With Bankman-Fried behind bars, the entire crypto sector is in the crosshairs of the authorities

It was very hot on Tuesday in the courtroom in Nassau, Bahamas, where Sam Bankman-Fried had to appear in court. The former CEO and founder of the fallen crypto exchange FTX, who was arrested on Monday in the archipelago, had just this day put on a suit – while he usually always appears in public in a shabby T-shirt.

This is stated in a report from the Reuters news agency about a six-hour session in which Bankman-Fried’s lawyers failed to get him released on bail. The judge, who the report said forgot “Samuel’s” last name on several occasions, was sensitive to the prosecutor’s argument that Bankman-Fried would try to flee.

During the hearing, the defense had suggested that Bankman-Fried should pay $250,000 in cash as surety. And he would wear an anklet. To no avail: ‘SBF’ remains behind bars on the archipelago where the head office of FTX was located and where Bankman-Fried owned several apartments. In February, the judge will consider Bankman-Fried’s possible extradition to the United States.

“I never tried to commit fraud,” Sam Bankman-Fried said in early December.
Photo Dante Carrer/Reuters

Bankman-Fried’s arrest on Monday kicked off a week of blows for the 30-year-old billionaire: personally for FTX (now run by restructuring specialist John Ray III) and for the crypto industry as a whole.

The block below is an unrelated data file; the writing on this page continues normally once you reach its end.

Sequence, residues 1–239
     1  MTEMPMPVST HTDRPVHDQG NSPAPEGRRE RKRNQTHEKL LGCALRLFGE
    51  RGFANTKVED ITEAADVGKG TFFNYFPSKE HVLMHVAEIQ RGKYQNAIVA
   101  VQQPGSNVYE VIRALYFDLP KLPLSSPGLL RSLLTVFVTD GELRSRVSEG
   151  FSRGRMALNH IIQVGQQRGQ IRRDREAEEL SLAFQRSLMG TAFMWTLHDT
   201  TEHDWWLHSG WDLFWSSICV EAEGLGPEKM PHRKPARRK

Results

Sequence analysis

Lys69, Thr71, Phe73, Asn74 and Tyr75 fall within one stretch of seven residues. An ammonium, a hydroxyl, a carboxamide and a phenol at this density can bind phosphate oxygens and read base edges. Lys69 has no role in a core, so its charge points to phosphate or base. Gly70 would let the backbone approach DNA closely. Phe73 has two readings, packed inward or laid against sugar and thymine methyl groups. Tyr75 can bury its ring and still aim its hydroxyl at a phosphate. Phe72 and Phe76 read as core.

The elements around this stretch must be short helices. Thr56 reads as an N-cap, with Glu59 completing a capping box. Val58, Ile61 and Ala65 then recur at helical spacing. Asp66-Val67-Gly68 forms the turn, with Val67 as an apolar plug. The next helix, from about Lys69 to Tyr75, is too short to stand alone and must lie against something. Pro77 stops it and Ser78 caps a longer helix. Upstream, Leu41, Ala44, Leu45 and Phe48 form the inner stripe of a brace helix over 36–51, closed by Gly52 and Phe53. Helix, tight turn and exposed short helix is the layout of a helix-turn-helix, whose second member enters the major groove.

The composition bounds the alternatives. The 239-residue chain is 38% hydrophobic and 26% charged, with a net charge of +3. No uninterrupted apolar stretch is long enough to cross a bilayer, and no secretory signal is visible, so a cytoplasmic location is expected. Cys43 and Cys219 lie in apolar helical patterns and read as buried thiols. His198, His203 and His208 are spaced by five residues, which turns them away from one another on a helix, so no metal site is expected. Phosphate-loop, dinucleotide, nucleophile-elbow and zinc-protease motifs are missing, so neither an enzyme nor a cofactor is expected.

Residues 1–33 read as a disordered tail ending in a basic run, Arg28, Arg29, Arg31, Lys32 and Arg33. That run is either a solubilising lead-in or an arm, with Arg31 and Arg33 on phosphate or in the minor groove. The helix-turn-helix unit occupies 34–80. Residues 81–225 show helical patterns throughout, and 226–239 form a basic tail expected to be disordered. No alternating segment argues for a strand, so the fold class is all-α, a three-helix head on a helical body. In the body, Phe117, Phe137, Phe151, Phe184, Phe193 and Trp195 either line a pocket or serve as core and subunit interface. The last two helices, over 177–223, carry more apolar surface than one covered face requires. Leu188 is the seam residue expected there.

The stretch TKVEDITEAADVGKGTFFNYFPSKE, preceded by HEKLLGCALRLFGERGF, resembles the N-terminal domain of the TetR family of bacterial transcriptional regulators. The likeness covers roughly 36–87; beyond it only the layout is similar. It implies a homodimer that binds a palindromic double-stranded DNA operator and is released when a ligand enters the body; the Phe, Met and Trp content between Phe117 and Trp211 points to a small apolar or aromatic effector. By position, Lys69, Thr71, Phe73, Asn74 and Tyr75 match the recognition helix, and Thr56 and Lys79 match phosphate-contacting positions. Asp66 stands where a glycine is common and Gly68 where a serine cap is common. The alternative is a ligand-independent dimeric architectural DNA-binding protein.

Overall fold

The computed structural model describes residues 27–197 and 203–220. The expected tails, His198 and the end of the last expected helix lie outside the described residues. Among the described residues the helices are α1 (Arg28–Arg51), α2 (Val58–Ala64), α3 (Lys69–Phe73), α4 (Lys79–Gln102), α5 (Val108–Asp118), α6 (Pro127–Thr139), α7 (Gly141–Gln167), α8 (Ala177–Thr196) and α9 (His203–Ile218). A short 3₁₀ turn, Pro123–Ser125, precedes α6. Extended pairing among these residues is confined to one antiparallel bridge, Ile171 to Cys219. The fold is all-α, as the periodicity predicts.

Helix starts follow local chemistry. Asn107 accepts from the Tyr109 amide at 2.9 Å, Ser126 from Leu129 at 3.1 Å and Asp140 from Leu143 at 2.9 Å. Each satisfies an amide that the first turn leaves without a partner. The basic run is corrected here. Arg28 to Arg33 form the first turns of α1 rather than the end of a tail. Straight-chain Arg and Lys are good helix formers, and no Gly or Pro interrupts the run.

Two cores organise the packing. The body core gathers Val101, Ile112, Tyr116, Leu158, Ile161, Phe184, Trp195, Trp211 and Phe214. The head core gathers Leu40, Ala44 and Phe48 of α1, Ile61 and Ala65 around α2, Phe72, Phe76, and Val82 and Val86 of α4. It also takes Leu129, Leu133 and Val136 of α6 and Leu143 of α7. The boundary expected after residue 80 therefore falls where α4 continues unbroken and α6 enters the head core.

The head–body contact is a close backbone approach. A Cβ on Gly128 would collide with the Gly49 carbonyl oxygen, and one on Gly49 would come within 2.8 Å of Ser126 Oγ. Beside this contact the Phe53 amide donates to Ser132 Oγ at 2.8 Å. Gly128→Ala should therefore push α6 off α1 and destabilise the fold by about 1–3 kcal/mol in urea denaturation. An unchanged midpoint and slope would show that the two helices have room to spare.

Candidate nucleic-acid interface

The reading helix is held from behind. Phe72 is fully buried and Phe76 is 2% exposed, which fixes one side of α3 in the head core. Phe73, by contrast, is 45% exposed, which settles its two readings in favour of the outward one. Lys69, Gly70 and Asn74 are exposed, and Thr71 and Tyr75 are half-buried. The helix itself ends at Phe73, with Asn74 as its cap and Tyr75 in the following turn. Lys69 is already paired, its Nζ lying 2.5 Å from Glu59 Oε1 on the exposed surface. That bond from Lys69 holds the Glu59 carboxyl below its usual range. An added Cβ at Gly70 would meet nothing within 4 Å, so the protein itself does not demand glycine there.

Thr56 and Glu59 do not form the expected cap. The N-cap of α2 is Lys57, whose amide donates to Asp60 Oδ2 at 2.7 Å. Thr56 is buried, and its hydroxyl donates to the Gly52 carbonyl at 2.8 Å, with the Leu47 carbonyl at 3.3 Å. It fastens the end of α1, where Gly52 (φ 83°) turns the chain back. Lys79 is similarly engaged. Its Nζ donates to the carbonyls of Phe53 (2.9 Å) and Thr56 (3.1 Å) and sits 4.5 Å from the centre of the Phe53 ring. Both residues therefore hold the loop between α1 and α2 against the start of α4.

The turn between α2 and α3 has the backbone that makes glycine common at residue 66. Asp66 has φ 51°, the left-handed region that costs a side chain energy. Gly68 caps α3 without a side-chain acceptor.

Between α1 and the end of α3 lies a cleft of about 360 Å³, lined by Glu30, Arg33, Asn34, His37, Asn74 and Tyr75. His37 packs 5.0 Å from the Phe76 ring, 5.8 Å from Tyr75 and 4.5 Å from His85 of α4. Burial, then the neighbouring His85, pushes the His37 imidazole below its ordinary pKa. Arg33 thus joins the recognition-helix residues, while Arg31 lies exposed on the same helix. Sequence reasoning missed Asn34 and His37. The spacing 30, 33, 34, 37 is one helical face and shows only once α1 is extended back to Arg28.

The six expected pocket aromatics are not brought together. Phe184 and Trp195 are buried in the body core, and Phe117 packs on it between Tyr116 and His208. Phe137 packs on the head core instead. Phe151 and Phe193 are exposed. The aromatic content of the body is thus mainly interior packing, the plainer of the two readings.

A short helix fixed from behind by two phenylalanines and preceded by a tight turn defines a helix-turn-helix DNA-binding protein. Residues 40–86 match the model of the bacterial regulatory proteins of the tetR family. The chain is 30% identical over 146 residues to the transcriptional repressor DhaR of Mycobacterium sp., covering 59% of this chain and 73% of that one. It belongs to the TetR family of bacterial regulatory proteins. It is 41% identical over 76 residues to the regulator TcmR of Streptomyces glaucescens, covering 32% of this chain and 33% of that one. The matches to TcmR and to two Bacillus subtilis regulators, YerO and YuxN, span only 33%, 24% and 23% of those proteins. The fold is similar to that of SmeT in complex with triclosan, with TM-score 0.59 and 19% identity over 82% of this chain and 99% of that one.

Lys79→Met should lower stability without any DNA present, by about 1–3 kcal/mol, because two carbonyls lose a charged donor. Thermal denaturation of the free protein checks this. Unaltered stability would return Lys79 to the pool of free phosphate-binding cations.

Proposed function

The turmoil surrounding FTX started last month. On November 2, reports from the crypto news site showed Coindesk that FTX was very closely linked to Alameda, a trading house founded by e.g. Bankman Fried. Bankman-Fried is said to have funneled about $10 billion to Alameda through a built-in system. Customers tried to withdraw their money from FTX in droves, but the company lacked the liquidity to make withdrawals. Binance, a competitor to FTX, said it was considering buying FTX to protect users, but backed out. On November 11, Bankman-Fried FTX filed for bankruptcy.

What had happened here? Bankman-Fried denied in the weeks between the bankruptcy and the arrest that there had been any ill will. “I never tried to commit fraud,” he said at a Dec. 1 conference New York Times. Bankman-Fried emphasized that while he had made mistakes, he said he had not done it on purpose. “I had a duty and I neglected it. But I have not committed any fraud.” When asked whether he deliberately mixed different cash flows, he replied in the negative. “We underestimated the risks.”

Charges of fraud

The American authorities see it very differently, it turned out on Tuesday. The US attorney general and the US financial market regulators SEC and CFTC all charged him with fraud. He allegedly used money from customers of FTX for Alameda and misled investors and customers about the financial health of FTX and Alameda. He also allegedly laundered the proceeds and would have violated US campaign finance laws. New York City attorney Damian Williams said Tuesday that Bankman-Fried made illegal campaign donations to both Democrats and Republicans using “stolen money from clients.” He spoke of “one of the biggest frauds in American history”.